Renee So’s Curious Perfume Bottles Evoke Stories of Imperialism

At Kate MacGarry, London, the artist’s accomplished ceramic fragrance vessels reference East-West trade, exoticism and narratives about place

BY Salena Barry in Exhibition Reviews | 09 JUL 24

‘Colony’, ‘Snuff’ and ‘Opium’ read the labels adorning the three oversized, earthenware perfume bottles in Renee So’s fourth solo show at Kate MacGarry. Re-creating fragrances by Jean Patou, Elsa Schiaparelli and Yves Saint Laurent respectively, the sculptures (‘Colony’ by Jean Patou, ‘Opium’ Snuff Bottle and ‘Snuff by Schiaparelli’ Perfume Bottle, all 2024) allude to the British Opium trade in China, which is referenced in a number of works on show. 

Renee So
Renee So, 2024, exhibition view. Courtesy: the artist and Kate MacGarry, London; photograph: Angus Mill

The artist reproduces the Yves Saint Laurent Opium bottle faithfully, albeit on a larger scale, but deviates from the original design by leaving a circular hole in place of the logo, divorcing the vessel from its function. This underscores its emptiness while offering up the container for scrutiny. Throughout the show, So draws attention to the historic realities obscured or omitted from the narratives constructed around collectorship. 

The British illegally smuggled opium into China from India during the 19th century to help finance the tea trade. This resulted in the Opium Wars, which took place between 1839 and 1860, and concluded in the British colonization of Hong Kong and the opening up of China to British traders. So’s choice to re-create these specific perfumes, some of which are still available to buy, speaks to the lasting impact of this historical event on Western notions of the exotic and the possibility of quantifying it into something collectible. The hollowness of the Opium bottle seemingly alludes to the artist’s perspective on the value of such practices.

Renee So
Renee So, Woman Holding Cup XVI, 2022, stoneware, 80 × 32 × 36 cm. Courtesy: the artist and Kate MacGarry, London; photograph: Angus Mill

Also referencing the processes of colonization and trade more broadly are a collection of ceramic snuff bottles. Now prized collectibles in the West, these small portable containers for powdered tobacco originally emerged during the Qing Dynasty (1644–1912). So’s bottles take the form of a nose (‘Nose’ Snuff Bottle I, 2024), a bottle of eau de mer (Eau de Mer Bottle, 2023), a poppy head (‘Poppy Head’ Snuff Bottle, 2024) and a fingered lemon (‘Fingered Lemon’ Snuff Bottle, 2024). While the eau de mer (sea water) might be read as a nod to maritime travel, the poppy and nose specifically reference the British Opium trade. The lemon, on the other hand, alludes to trade between China and Italy during the renaissance. The Medici – the powerful banking and political dynasty – were particularly fond of this fruit and displayed it in the gardens of their Villa di Castello in Florence alongside 600 other varieties of citrus.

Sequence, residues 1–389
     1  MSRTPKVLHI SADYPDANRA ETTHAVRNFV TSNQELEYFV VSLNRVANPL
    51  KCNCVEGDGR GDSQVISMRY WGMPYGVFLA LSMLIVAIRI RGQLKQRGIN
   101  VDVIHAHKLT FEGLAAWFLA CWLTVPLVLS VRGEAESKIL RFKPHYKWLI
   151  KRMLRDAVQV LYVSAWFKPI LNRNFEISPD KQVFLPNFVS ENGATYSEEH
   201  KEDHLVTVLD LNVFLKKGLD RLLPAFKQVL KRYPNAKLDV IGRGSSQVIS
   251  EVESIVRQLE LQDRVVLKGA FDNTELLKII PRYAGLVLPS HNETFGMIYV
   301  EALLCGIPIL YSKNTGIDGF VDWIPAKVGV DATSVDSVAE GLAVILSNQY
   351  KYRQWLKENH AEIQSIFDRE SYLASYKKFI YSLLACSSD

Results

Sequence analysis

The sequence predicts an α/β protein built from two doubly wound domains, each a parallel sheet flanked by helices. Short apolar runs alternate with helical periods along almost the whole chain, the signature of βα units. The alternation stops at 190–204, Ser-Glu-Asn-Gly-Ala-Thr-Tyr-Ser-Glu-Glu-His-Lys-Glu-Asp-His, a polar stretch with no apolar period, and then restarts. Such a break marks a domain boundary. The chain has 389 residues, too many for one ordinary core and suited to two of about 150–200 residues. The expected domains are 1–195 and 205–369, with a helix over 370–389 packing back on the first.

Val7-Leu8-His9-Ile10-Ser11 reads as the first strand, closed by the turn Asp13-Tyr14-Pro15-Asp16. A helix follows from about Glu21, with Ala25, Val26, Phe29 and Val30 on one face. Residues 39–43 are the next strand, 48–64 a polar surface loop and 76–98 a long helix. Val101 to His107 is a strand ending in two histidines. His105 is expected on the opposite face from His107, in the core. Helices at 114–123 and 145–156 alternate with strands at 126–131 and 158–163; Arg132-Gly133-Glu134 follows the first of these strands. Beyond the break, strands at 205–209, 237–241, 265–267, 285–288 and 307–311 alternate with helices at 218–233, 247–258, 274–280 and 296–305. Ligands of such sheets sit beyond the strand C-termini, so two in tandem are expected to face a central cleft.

The snuff bottles not only reference trade between China and the West, but also the Occidental exoticization of the East and the construction of narratives about place – particularly as expressed through commercial value and the practice of collecting. A snuff bottle can be both an expensive trinket that demonstrates social class and a cultural artifact rich in historical symbolism which celebrates local design traditions. The artist’s oversized re-creations call attention to the loaded meaning these objects carry, to what is concealed and what is aching to be seen.

Renee So
Renee So, 2024, exhibition view. Courtesy: the artist and Kate MacGarry, London; photograph: Angus Mill

Also on show are the latest additions to So’s sculptural series of female goddesses (‘Woman’, 2020–ongoing), which draws inspiration from early fertility idols, as well as wall-hung ceramic works comprising tiles in brickwork arrangements, the largest of which depicts long-limbed female figures in arched formations as though diving (Flow State II, 2024). All but one of the works on display are ceramic. The Information Age (Technicolour) (2022), however, is So’s first work in stained glass. It shows a profile view of a person, not clearly masculine or feminine, from which pink arches radiate. Here, So seems to visualize a universe in which transparency is fundamental and all lived realities are acknowledged on an equal plane. 

Renee So is at Kate MacGarry, London, until 20 July 

Main image: Renee So, 2024, exhibition view. Courtesy: the artist and Kate MacGarry, London; photograph: Angus Mill

Salena Barry is a writer and digital communications professional living in London, UK. She is a 2022 Jerwood Writer in Residence.